Brian Fisher describes a model developed in Lewisham which could shift healthcare away from institutional and hospital-based provision towards health improvement.
Author: Dr Brian Fisher
The NHS is pulled apart by the financial incentives that drive it. Payment by Results ensures that money pours into hospitals and limits constraint and control in the system. Primary care aims to keep people out of hospital, but the hospital itself wants to suck people in because that increases its income. This creates a fractured dialogue that undermines integrated care. This paper outlines an alternative approach that is likely to improve integration and better align incentives to improve relationships and care and which is being piloted in Lewisham.
A tariff system can create a confrontational relationship between sectors - particularly between primary and secondary care. This can create inefficiencies and the risk of fragmentation. Too often, the patient is at the centre of a tug of war between primary and secondary care instead of at the centre of planning their own care.
The current Payment by Results (PBR) system based on a nationally set tariff ensures that patient activity in hospital based care remains the dominant mechanism for financial reward in NHS secondary care... Rather than providing incentives for Acute and Foundation Trusts to collaborate with PCTs... PBR mechanisms discourage co-operation and can even result in inappropriate competition (or at least adversarialism) across the health care system.
The NHS Confederation, in its discussion paper in June 2009 Commissioning in a Cold Climate suggested that “A system based on payment for discrete units of activity will never create the right incentives for providers to help make care pathways (or the sum of multiple pathways) more efficient and less costly.” They also recommended that the system be redesigned to “encourage efficiency along whole care pathways rather than cost-shifting and encouraging supplier-induced demand.”
We need to rearrange incentives to ensure that they encourage NHS organisations to cooperate and ensure that there are rewards for both quality and efficiency.
This can be achieved through Programme Budgeting:
Programme Budgeting (PB) is a retrospective appraisal of resource allocation broken down into “programmes” with a view to influencing and tracking future expenditure in those programmes.
Instead of seeing investment on the level of a hospital or drug budget, the focus switches to specific health objectives such as reducing the incidence of type II diabetes, reducing death rates from heart disease, improving indicators of child health, reducing the burden on family carers of patients with senile dementia, and so on. The ultimate aim is to maximise health gain by deploying the available resources to best effect.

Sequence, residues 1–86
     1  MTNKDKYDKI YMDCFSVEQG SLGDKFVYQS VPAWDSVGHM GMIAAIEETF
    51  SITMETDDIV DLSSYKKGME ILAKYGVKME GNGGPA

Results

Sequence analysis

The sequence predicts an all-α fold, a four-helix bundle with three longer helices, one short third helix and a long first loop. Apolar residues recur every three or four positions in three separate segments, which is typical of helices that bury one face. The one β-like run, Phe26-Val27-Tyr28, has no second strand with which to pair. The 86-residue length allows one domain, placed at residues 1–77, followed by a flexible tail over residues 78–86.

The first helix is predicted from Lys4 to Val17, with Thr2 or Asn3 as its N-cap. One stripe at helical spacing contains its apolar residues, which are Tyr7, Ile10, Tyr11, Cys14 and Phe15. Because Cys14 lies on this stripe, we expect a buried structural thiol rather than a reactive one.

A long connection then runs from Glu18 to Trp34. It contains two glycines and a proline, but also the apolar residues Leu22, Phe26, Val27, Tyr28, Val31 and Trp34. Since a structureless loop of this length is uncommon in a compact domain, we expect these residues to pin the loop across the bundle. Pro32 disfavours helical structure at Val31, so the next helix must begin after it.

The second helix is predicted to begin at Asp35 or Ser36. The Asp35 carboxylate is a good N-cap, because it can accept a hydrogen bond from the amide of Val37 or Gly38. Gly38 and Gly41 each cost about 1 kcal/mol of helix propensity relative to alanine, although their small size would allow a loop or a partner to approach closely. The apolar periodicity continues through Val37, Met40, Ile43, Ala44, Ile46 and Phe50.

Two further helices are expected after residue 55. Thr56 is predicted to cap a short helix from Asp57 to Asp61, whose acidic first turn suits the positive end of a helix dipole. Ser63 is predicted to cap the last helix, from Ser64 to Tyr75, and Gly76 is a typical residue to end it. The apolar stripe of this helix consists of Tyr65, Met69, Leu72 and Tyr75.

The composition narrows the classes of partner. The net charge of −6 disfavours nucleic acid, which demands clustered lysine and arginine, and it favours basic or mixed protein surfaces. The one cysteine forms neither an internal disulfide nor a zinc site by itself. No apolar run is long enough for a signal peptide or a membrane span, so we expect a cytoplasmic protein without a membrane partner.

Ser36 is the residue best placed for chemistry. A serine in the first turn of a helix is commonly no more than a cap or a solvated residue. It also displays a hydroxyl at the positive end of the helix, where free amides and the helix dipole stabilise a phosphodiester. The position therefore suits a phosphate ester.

PB helps answer three basic questions:
Joint (not pooled) budgets are allocated virtually across primary and secondary care. These would be along care pathways, based on a programme budget approach. The task of the consortium and local people and hospitals then becomes to manage that joint budget so that it maximises efficiencies and patient care. The incentive for everyone is that savings can be reinvested in the pathway, or elsewhere, as agreed. In particular, the hospital will gain by shifts to the community particularly if it is in charge of community services,.
Pooling budgets has huge opportunity and transaction costs and may not deliver results. Joint budgets are more likely to enable agreement and functional outcomes without the complexities of a more formal merger.
A calculation of a joint budget in, say, diabetes, would need to include:
It is important that clinicians and patients worked together to come up with the best solutions. The consortium’s role therefore would be:
For instance, in diabetes:
The spend would be seen as belonging to both consortium and hospital and maybe also social care. If savings were made through more efficient care pathway design, then the savings would be shared. If fewer patients came through the hospital’s doors, the hospital would still gain if savings were being made. It would become a joint task to ensure patients received treatment in the most cost-effective way. For many long-term conditions there are evidence-based interventions that reduce out-patient department and A&E attendance, including information-provision for self-care management and prevention. There would now be an incentive for hospitals to invest in these as well as primary care. There may be more enthusiasm for cooperation in A&E, as savings there would mean more joint benefit.
In this way, incentives for efficient care are retained, but the planning and investment becomes a shared enterprise. We predict that NHS staff will leap at this chance to work together again in a shared enterprise.
A&E and urgent care may be another area that is suitable for this kind of approach.
It is essential that these reprogammed pathways are co-produced with local people, particularly those with the conditions the pathway is designed to respond to. We would expect that the Programme Budget teams would include some or all of the following:
There will of course be complexities to deal with:
The tariff system assumes that what is paid for is what is needed. Any incentives for efficiency rely upon the tariff recipient to be able to engineer all the necessary changes 'insider their own walls'. It is unlikely that significant efficiencies in health can be achieved by such a limited and conservative system.
The publisher is The Centre for Welfare Reform.
Commissioning for Health Improvement © Brian Fisher 2011.
All Rights Reserved. No part of this paper may be reproduced in any form without permission from the publisher except for the quotation of brief passages in reviews.